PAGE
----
The court thus concluded that the X Trust "by its conduct either waived or renounced its right to reinstate the 1994 loan debts, and its inaction amounted to a donation giving rise to donations taxbecause, on its own version, the ultra vires point came to the attention of the trustees on or after 14 February 2006 and not later than 21 June 2006, the date of the [X Trust's] objection in which it relied on the fact that the 1996 awards were a nullity. In my [the judge’s]view, once the error was brought to the attention of the trustees, it was incumbent upon them to reinstate the loan debts in the financial statements.
"Inaction on their part amounted to a waiver or renunciation of their right to reinstate the loans. It should have been clear to the trustees ... that ... to do nothing ...and proceed to sign the financial statements of 2006 and 2007 ....constituted a waiver or renunciation of rights.
"I conclude therefore that [the X Trust] is liable for donations tax in respect of the 1996 awards, notwithstanding the fact that they may have been void as between the parties to the (illegal) agreement. It does not mean that if the award is not valid there is no donation.Validity is not a requirement for donation in terms of the Act.”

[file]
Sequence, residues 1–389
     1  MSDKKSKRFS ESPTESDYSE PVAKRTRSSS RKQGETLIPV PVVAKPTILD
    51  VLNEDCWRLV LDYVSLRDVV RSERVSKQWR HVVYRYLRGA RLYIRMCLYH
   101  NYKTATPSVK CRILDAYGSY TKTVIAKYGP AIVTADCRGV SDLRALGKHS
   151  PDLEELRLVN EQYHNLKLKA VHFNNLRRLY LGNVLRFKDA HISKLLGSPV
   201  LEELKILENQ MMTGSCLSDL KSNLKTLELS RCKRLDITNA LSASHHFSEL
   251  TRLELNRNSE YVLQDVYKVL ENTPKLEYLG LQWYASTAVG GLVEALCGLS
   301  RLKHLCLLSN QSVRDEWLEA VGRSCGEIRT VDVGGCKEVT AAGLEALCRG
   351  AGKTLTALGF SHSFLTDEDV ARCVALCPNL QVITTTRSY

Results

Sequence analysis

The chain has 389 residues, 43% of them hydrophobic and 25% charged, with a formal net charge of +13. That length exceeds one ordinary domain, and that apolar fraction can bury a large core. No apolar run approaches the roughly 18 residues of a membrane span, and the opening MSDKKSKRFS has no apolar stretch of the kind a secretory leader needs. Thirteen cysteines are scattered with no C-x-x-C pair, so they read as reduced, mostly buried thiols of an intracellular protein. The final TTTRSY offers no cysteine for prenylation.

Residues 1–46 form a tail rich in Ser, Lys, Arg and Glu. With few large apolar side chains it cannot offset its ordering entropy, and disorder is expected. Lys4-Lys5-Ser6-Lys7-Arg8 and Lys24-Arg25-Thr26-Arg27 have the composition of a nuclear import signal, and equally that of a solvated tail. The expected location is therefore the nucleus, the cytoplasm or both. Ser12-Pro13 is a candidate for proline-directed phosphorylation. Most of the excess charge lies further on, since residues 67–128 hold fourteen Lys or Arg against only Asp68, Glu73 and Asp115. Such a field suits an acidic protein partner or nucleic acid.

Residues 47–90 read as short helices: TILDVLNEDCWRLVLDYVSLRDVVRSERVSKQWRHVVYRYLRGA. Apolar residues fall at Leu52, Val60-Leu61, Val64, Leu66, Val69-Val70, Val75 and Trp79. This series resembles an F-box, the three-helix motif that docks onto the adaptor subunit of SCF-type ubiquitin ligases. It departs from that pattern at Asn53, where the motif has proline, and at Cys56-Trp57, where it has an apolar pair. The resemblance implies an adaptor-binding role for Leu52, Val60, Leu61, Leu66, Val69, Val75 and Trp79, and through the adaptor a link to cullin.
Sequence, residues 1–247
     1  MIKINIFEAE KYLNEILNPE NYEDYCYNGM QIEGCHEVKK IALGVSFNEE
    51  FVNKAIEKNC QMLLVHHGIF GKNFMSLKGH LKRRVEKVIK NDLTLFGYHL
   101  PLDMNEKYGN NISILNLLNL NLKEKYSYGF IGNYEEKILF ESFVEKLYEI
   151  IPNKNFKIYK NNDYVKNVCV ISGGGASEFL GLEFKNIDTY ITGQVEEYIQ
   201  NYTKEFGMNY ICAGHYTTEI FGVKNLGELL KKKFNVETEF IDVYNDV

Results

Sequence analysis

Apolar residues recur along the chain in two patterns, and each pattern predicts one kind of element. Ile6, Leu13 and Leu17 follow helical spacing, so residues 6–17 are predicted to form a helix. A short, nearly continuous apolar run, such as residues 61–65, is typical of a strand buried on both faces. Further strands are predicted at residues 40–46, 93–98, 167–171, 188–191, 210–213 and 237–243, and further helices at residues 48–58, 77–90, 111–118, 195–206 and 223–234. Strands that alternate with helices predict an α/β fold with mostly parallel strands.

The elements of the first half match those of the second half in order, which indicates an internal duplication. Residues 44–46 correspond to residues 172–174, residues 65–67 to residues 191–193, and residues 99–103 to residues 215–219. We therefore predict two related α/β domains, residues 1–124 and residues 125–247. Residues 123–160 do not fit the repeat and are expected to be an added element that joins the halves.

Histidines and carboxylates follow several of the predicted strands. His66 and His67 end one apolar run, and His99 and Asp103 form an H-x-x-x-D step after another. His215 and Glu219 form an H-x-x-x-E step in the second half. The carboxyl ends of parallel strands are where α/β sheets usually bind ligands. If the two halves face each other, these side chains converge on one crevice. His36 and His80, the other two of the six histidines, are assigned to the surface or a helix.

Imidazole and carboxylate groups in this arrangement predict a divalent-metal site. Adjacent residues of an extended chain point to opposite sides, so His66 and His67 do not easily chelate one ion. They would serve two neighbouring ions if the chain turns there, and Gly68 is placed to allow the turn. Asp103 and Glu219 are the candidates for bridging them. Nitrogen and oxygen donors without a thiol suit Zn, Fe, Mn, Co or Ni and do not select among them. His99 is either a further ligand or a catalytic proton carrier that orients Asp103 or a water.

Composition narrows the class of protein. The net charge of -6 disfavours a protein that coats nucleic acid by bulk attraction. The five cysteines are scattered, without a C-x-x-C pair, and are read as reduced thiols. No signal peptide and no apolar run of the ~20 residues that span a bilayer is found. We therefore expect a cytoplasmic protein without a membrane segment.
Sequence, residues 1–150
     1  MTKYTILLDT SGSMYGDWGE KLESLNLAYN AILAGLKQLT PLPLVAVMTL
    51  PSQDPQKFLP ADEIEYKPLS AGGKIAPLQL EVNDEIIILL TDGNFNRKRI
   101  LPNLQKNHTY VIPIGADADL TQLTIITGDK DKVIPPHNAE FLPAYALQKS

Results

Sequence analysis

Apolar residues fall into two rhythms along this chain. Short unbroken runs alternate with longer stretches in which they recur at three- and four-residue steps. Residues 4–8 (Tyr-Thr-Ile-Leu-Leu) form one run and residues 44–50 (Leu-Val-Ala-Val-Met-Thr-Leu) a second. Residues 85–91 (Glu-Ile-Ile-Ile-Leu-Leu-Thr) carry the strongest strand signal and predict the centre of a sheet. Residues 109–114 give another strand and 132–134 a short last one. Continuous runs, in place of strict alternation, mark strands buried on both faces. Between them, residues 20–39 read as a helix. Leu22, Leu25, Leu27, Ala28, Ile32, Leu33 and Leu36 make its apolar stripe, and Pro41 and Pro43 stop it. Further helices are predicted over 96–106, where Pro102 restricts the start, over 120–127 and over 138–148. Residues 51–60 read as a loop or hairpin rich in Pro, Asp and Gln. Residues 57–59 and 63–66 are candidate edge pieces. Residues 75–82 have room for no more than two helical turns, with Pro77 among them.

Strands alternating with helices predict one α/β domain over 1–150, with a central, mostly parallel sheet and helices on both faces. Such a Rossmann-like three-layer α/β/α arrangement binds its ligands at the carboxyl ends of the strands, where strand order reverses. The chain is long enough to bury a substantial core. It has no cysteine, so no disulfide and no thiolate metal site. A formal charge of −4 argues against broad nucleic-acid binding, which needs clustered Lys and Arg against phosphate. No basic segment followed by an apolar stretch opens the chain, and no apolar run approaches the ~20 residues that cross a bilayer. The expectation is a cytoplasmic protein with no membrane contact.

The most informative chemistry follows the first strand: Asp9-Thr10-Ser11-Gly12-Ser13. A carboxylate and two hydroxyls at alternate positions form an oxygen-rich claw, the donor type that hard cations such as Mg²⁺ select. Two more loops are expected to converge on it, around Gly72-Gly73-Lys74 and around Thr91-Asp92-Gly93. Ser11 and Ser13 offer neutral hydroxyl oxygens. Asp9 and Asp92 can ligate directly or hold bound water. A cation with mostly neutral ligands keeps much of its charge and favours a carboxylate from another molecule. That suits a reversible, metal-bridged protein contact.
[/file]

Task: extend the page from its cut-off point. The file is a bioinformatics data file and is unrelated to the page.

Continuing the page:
A succession of pitfalls
The timeline in this matter shows that the advisers to the trust, and the trustees themselves, fell into a succession of pitfalls. Firstly, if stated individuals are to be the beneficiaries of a trust, it is elementary draftsman ship to include, as further beneficiaries in the beneficiary clause, any trust of which those individuals are beneficiaries. Secondly, before making the distribution of the R52 million to each of the children's trusts, the professional advisers should have taken the elementary precaution of checking to see whether the recipients fell within the scope of the beneficiary clause of the X Trust. Thirdly, when it came to light that a distribution had been made to recipients who were not beneficiaries, that distribution ought to have been immediately revoked.
It is interesting that the tax court seems to have assumed that such a retrospective revocation would have been effective, for it is far from clear that this would have been so. As a matter of principle,once a transaction has been entered into, its tax and other consequence are fixed and cannot be undone, unless the transaction is voidable on one or other of the accepted legal grounds for voidability and is then set aside.
Source: By PricewaterhouseCoopers’ (Taxbreaks)